The short sections on resilient functions and on tms-nets cannot compensate for this defect. Moreover the section on tms-nets (a generalization of OA used for quasi-Monte Carlo methods of numerical integration) is rather inadequate and even inaccurate (it is stated that the term net is unrelated to geometrical nets, but in fact geometrical nets are special cases of tms-nets and this was the reason behind Niederreiter’s terminology).

In the theoretical arena the book has a tendency to retreat to the case of strength 2 too easily. For example, an important family with parameters \(\text{OA}(p^{n+m},p^n,p^m,2)\) for \(n\geq m\) is constructed via difference schemes. There is a natural direct construction using the affine group, which can easily be generalized to arbitrary strength. Another weak point of the book is that the level of generality is not always judiciously chosen. The use of algebraic and geometric tools would greatly benefit the clarity of exposition. For example, Galois geometries are not used. When projective planes are finally introduced (Section 8.4) this is done in a sloppy way. The main axiom is missing. Consider the constructions of mixed OA. The simple geometric notion of points, lines, etc. in general position suffices to explain all the examples with number of runs a prime-power as given in Chapter 9. An even more dramatic example are compound orthogonal arrays. Judging from Chapter 11 these are important structures. Unfortunately the constructions given in Section 10.7 do not look very systematic. However, they can all be explained in a uniform way using the simple notion of a short exact sequence of linear codes (a code, a projection of the code to a subset of coordinates and the kernel of the projection).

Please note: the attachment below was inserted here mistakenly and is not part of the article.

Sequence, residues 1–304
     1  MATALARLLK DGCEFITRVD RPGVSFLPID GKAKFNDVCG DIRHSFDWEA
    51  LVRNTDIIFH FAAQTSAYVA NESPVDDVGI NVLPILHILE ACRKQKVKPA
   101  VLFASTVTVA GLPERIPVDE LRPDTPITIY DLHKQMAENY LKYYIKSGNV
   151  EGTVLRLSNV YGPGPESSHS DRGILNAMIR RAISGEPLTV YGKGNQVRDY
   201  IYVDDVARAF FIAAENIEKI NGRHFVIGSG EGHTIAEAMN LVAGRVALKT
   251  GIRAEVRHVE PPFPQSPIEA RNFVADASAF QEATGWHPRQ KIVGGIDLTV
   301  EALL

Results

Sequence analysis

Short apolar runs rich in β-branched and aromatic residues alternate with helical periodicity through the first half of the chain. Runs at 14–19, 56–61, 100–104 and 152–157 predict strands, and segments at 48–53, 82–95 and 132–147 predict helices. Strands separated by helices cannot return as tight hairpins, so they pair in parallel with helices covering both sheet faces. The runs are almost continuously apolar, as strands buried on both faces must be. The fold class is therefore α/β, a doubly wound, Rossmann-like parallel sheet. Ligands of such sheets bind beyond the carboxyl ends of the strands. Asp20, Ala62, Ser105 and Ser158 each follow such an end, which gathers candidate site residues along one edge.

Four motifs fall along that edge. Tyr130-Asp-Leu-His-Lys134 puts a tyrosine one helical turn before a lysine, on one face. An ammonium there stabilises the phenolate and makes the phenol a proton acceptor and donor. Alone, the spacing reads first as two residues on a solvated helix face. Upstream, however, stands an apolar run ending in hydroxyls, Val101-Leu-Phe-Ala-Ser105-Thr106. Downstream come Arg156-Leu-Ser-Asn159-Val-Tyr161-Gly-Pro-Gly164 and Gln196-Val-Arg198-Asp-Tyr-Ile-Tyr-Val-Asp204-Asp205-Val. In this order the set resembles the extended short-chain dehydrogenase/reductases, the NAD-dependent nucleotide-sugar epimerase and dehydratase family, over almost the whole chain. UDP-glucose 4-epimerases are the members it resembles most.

This work will become a standard as a textbook and an indispensible reference for researchers in design theory, coding theory and statistics. While it is not perfect (see the criticism brought forward above) it does represent a landmark. The many tables and research problems will keep researchers busy for a long time to come.

Where there is light there is also shadow. My most important criticism concerns the very concept of the book. A more accurate subtitle would have been Theory and some applications in the design of experiments. In fact the applications covered in the text are almost exclusively from this area. Other vast areas of application are hardly mentioned. To give just one important example, strongly universal hash families form a natural generalization of OA of strength 2. These structures are widely used in theoretical computer science. Another statistical approach to OA interprets the runs as elements of a sample space (with uniform distribution) and the factors as random variables. In this setting OA of strength \(t\) are characterized as families of random variables each \(t\) of which are statistically independent. This approach leads to applications in derandomization, among others. There are many more such applications, in cryptography (block cyphers, authentication, etc.) and theory of algorithms.